When I returned to Vietnam after holidaying in Jakarta for 6 months I bought an old Honda Husky/Rebel that had been custom build by 2 young Vietnamese guys. It was a mongrel of a bike with lots of things that were mixed and matched, but the bike had good bones and I bought it as a future project.
At that time I was living in a small beach town called Quy Nhon. I thought it would be pretty easy to find someone to customize it for me, but I thought wrong!! Nobody in Quy Nhon had any idea how to fix it let alone customize it.
When I left Quy Nhon to live in Hai Phong I decided to have the bike shipped to my new home in the hope that I could find someone here to do it. After a few months, I got lucky after seeing a FB post, so I headed down to see this old Vietnamese guy who was apparently fairly cheap and pretty good with bigger bikes.
We meet and I give him the following list of repairs/customizations:
- strip the bike and paint the frame matt black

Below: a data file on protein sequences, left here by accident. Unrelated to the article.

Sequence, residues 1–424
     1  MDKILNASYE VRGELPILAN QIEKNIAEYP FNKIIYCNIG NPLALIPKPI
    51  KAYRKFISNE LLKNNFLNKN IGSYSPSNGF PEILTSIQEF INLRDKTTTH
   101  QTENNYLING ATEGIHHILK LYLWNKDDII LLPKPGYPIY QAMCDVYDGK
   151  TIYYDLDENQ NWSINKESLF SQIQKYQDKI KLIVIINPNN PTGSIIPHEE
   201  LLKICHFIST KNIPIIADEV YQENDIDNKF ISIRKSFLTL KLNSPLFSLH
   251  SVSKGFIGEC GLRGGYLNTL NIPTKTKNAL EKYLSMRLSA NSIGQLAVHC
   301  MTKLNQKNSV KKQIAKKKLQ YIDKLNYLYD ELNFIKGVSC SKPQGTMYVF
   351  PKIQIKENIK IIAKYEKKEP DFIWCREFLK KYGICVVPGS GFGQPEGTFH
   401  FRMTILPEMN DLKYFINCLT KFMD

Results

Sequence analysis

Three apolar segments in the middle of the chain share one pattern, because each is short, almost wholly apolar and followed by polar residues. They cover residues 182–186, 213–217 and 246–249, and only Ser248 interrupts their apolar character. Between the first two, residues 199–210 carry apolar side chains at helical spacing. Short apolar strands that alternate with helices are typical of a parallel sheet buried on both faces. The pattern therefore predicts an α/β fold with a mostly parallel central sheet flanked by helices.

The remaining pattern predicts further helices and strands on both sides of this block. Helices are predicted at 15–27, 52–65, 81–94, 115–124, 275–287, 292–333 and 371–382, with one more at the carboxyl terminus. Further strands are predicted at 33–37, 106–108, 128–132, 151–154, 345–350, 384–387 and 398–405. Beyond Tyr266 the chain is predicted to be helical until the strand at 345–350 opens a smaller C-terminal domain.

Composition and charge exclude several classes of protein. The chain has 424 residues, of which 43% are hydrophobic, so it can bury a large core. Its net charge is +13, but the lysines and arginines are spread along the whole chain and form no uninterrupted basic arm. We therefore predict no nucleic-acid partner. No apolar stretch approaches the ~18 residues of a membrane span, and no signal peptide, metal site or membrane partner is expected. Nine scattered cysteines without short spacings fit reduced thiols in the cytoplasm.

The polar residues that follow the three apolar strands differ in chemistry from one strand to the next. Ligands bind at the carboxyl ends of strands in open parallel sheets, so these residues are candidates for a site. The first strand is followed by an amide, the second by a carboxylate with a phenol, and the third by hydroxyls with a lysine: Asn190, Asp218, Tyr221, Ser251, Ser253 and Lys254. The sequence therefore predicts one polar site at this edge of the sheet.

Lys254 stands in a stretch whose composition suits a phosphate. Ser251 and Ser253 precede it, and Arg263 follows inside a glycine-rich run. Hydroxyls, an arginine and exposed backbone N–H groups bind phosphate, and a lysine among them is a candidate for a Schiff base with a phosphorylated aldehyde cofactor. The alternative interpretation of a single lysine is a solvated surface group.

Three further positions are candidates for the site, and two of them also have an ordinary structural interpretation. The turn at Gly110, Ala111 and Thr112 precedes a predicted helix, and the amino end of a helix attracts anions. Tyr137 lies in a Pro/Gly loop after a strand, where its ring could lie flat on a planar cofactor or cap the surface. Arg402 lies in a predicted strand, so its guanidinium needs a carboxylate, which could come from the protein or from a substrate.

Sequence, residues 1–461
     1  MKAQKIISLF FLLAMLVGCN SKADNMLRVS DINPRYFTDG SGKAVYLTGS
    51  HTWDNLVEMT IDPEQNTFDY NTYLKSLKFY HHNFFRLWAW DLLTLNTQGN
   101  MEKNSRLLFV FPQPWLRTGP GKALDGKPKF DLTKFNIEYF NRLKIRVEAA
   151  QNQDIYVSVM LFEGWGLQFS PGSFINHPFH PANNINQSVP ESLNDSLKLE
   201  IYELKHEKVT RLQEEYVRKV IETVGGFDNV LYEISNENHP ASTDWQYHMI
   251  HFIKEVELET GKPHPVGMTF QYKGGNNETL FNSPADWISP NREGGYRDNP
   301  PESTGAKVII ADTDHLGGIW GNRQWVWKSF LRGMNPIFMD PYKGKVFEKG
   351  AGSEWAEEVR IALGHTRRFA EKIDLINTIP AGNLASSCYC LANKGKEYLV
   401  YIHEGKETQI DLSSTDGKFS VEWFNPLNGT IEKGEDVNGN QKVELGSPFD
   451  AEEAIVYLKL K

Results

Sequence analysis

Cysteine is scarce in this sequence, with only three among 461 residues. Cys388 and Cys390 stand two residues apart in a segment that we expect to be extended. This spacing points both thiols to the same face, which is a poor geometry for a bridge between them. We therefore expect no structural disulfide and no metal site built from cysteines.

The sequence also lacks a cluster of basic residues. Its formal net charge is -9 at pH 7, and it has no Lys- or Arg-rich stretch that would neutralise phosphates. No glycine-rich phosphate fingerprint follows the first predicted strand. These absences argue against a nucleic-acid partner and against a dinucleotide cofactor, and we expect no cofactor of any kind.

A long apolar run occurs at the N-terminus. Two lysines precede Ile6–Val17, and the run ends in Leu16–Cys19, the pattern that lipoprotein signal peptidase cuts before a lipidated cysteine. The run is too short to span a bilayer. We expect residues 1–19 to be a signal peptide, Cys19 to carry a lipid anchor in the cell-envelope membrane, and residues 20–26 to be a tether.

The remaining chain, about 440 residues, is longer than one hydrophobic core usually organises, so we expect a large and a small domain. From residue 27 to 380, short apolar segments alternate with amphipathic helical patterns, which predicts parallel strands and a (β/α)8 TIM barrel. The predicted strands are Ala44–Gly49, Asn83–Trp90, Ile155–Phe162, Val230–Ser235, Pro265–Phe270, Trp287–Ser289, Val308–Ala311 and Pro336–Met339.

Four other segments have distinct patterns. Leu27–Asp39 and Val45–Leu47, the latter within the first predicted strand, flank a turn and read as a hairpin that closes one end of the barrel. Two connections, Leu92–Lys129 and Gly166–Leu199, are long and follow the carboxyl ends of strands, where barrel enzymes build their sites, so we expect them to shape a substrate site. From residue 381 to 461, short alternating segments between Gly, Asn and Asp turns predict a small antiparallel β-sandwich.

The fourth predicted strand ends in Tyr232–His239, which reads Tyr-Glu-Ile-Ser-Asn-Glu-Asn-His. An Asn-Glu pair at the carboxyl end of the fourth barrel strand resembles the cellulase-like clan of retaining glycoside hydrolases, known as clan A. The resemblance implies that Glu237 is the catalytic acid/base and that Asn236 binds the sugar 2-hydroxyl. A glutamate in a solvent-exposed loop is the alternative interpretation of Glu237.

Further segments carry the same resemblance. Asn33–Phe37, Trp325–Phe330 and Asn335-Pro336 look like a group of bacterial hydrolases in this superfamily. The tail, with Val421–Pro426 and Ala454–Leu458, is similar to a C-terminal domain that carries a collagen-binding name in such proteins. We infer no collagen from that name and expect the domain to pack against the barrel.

- strip all the chrome and paint it matt black
- chromed wheels to be painted matt black
- rebuild the engine and gearbox and paint matt black
- get rid of the handlebars and replace with straight bars and fit risers
- rewire the entire system
- fit a new performance carburettor
- new speedometer and tachometer
- new lights and indicators
- new battery
- new starter
- new seats
- new performance tyres
- Replace the control switches on both sides of the handlebars
- move the horns from the sides of the frame and place 1 only in front
- extend the left and right front foot pegs by 4 inches (maximum amount possible)
- every nut and bold needs to be replaced with new ones
So, 5 months and 8 million VND later it’s ready to be picked up and I’m fairly happy with the job he has done. I hate sitting on a motorbike and seeing scratches and things out of place so I really just wanted to clean the bike up, and he has certainly done that. The quality of work is what you would expect for a small mechanical workshop in Vietnam – it isn’t Orange County Choppers quality!! But I’ll let you judge for yourself